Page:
Planting Seeds of Preservation
June 2019 Issue
by Carrie Hirsch
Photography by Butch Hirsch
The roots of the Gullah culture run deep, like those of the sprawling live oak
in the center of the museum’s lawn at the intersection of Gumtree Road and Georgianna Drive. The first question visitors ask when standing there is always: “Is this the spot where the Little House was built?” says the Gullah Museum of Hilton Head Island (GMHHI) founder and executive director Louise Cohen. And she had no plans for the answer to ever be “no.”
After envisioning a new purpose for her homestead, Louise established the museum as a non-profit organization with help from S.C.O.R.E. and other supporters and volunteers in 2004. Louise has been busy in her preservation efforts and programs ever since, and catching up with her is not an easy assignment. She had just returned to Hilton Head from presenting at a luncheon for 75 authors in the Colonial Ballroom at the landmark Francis Marion Hotel in Charleston on the day we met for this interview. Interest in the history of the Gullah/Geechee culture has been on the rise nationally. Following our interview, Louise was slated to present on Gullah culture at the Port Royal Foundation’s Maritime Center.
Many unique elements contribute to this storied culture, and the National Park Service has designated areas spanning the coast from North Carolina to Northern Florida as the Gullah/Geechee Cultural Heritage Corridor. Louise focuses on the language, food ways, crafts and song. As her props, she shows the oil lamp she read by at night as a young girl and the quilt that kept her warm at night. Growing up speaking the language was something she and her fellow Native Islanders only did at home. During her schooling, she recalls the teachers forbade the students to speak Gullah. The language was referred to as being “country”.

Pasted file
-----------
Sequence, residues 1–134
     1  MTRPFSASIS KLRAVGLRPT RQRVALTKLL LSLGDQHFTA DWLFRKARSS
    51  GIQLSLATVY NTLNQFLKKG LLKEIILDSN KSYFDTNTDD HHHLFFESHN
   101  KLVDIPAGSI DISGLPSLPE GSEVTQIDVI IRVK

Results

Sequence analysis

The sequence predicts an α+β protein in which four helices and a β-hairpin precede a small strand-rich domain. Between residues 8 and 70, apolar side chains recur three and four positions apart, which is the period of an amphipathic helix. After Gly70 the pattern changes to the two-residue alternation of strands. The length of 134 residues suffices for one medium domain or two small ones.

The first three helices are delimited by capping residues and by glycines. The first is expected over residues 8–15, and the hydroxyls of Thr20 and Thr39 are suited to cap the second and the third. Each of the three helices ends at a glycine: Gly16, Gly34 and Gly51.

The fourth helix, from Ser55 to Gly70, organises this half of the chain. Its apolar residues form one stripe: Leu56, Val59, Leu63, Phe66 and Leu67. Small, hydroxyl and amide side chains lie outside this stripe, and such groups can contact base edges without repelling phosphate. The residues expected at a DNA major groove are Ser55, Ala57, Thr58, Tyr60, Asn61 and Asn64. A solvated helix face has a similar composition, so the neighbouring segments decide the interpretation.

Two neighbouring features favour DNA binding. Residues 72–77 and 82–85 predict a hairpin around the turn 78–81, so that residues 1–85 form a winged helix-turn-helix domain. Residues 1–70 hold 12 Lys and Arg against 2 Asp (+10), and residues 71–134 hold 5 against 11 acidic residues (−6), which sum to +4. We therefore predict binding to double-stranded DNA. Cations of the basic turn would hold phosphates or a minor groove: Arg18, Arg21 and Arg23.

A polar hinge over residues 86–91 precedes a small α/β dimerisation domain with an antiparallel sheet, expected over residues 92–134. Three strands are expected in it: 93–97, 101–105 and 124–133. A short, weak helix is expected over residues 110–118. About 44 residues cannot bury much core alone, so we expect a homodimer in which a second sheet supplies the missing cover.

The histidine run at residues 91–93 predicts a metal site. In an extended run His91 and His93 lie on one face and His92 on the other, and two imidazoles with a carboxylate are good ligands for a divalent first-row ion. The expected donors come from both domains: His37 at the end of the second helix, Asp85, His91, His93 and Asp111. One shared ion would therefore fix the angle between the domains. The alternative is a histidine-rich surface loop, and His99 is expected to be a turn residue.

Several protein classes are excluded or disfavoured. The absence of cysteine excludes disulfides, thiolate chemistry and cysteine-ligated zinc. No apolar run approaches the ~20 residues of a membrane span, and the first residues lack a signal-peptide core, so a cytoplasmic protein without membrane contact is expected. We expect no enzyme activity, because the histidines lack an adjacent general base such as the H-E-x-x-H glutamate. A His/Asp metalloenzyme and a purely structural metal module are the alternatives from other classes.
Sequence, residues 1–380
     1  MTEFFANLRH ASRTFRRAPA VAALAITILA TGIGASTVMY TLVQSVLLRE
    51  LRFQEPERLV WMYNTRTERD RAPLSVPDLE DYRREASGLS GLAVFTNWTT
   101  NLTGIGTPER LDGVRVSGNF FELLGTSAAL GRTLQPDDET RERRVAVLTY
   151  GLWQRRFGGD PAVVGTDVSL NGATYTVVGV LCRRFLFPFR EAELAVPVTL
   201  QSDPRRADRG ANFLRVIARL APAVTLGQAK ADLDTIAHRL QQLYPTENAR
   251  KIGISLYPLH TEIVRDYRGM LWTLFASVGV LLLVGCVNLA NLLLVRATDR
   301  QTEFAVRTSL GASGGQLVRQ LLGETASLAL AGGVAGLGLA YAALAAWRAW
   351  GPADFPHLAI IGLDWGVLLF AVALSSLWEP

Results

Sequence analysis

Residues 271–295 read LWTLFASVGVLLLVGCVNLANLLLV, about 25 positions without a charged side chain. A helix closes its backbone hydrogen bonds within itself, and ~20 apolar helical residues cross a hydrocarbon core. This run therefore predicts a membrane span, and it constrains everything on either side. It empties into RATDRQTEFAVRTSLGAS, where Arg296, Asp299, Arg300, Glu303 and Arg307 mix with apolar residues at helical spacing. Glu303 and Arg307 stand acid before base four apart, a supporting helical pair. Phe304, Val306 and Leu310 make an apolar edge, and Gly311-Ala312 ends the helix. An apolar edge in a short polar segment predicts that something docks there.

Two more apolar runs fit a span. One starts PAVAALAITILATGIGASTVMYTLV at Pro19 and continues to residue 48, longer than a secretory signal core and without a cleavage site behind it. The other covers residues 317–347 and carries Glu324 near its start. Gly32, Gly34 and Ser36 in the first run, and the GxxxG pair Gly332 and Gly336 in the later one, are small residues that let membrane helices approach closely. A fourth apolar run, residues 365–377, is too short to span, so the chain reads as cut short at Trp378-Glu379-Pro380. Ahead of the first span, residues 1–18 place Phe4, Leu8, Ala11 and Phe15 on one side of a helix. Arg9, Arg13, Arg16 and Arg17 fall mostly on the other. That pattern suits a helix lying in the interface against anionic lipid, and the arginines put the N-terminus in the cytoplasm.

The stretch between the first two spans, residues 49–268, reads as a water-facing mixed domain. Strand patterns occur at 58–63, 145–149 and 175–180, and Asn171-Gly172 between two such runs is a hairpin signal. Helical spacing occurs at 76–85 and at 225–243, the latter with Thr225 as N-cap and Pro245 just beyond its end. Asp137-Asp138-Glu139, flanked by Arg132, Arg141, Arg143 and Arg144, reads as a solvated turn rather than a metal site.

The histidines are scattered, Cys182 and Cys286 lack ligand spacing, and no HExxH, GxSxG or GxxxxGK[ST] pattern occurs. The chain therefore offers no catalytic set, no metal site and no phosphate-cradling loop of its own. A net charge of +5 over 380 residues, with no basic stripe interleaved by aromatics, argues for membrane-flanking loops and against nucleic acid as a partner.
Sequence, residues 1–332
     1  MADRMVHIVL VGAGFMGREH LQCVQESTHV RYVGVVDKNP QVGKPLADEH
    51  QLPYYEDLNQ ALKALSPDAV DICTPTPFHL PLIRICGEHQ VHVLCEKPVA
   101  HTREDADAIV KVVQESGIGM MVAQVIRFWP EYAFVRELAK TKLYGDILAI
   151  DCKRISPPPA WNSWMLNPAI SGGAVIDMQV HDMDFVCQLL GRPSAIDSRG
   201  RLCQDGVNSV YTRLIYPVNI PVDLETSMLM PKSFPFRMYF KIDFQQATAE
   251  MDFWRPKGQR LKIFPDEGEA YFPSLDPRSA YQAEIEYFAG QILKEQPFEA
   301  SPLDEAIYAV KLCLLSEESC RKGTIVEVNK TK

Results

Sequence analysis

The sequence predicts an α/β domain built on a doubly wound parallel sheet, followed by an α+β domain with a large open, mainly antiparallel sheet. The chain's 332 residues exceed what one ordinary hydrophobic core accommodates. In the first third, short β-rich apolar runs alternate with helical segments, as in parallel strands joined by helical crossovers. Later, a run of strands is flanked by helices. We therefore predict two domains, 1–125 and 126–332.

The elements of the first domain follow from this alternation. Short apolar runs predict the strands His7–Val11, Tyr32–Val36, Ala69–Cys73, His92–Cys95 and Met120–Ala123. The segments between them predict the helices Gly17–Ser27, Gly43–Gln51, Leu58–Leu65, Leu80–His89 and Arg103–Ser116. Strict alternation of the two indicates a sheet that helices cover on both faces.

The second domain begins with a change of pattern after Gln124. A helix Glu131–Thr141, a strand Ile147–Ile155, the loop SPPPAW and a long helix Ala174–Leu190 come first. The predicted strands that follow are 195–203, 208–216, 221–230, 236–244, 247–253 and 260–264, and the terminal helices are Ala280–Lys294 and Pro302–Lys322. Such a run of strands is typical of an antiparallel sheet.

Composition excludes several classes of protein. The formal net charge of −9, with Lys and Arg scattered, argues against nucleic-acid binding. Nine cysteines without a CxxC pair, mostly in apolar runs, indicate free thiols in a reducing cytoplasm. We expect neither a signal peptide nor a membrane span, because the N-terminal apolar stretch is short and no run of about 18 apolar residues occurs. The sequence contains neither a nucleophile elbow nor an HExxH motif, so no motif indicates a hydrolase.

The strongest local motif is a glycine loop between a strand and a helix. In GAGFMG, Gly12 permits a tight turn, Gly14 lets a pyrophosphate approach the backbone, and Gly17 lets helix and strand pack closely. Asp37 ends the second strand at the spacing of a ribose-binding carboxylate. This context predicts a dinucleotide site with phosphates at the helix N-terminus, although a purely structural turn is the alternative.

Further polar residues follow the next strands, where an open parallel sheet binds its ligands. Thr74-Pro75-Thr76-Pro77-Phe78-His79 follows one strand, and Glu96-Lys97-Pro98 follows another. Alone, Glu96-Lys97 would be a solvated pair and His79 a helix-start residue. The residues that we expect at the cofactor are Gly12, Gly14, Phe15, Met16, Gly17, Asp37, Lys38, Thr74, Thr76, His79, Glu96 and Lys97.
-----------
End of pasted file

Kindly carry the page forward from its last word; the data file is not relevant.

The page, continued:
Now, Lowcountry menus tout traditional Gullah dishes, using ingredients of field peas to serve with rice, freshly shucked oysters for rich gravy, shrimp caught in the pristine waters to stew, finished off with a slice of sweet potato pie—all to be consumed with a small glass of homemade Mulberry wine on special occasions. The craft of sweet grass basket sewing is taught in Lowcountry schools through educational outreach programs by artisans Michael Smalls and Dino Badger thanks to funding by the Arts Center of Coastal Carolina and other organizations that support the importance of preserving this unique craft. The spiritual hymns that Native Islanders sang from birth in churches established here over a century and a half ago continue to be sung today in those very same churches. Louise often sings Amazing Grace or recites the Twenty Third Psalm in Gullah to close her presentations, which always leaves her audiences wanting more.
Louise finds storytelling evokes stories in others. “There was one young man from North Carolina at an event recently. He remembered his grandfather would speak Gullah to him when he spent summers in North Carolina as a child. In school, he could then interpret what the children were saying for the teachers. My presentation stimulated his interest, and he’s going to find out more about himself and his Gullah roots. And another lady remembered: When she was a child her family had a Miss Emily in its employ, and that I resembled her and was I possibly any relation.” On a personal level, Louise wonders about her own family genealogy. “A slave cabin was disassembled from nearby Edisto Island and moved to the Smithsonian in D.C. I often think my ancestors could have very well been living in that cabin, but I just don’t know. There was another lady who was embarrassed to ask during the museum tour but took me aside and wanted to know how the people coped with all that they went through,” says Louise. “The only thing people had was the word of God, and they comforted themselves with song. Our people had to trust God. Our struggles are going to be a testimony for somebody.”